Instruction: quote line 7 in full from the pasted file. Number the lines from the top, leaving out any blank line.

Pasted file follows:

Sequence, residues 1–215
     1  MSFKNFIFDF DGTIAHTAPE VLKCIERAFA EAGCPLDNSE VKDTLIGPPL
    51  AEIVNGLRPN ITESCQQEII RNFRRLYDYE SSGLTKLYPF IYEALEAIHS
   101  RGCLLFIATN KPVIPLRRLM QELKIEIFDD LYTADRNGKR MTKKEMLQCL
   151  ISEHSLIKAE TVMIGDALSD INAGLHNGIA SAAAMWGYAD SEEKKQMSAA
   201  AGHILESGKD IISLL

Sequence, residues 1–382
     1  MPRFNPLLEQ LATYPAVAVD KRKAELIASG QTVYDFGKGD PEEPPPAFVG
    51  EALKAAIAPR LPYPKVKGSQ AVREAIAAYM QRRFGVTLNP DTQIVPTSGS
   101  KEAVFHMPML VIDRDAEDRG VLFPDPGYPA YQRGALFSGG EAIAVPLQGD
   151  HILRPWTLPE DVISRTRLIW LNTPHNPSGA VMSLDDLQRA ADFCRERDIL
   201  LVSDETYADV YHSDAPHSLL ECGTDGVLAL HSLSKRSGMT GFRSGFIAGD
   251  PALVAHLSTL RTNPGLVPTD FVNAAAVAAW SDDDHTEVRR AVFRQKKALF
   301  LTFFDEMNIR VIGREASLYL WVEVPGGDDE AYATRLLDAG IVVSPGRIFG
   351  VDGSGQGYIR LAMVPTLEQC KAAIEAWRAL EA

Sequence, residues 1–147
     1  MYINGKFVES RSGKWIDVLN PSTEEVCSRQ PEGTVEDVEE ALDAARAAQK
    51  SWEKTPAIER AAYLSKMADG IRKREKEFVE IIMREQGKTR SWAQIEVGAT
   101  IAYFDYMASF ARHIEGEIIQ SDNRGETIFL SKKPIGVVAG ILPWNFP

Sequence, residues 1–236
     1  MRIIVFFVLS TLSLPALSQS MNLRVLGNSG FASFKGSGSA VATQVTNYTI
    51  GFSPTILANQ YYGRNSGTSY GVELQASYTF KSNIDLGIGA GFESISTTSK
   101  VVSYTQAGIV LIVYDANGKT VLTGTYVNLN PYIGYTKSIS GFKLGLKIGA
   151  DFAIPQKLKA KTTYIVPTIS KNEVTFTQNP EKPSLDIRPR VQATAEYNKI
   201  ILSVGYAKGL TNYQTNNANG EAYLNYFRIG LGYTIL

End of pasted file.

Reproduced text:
Sequence, residues 1–382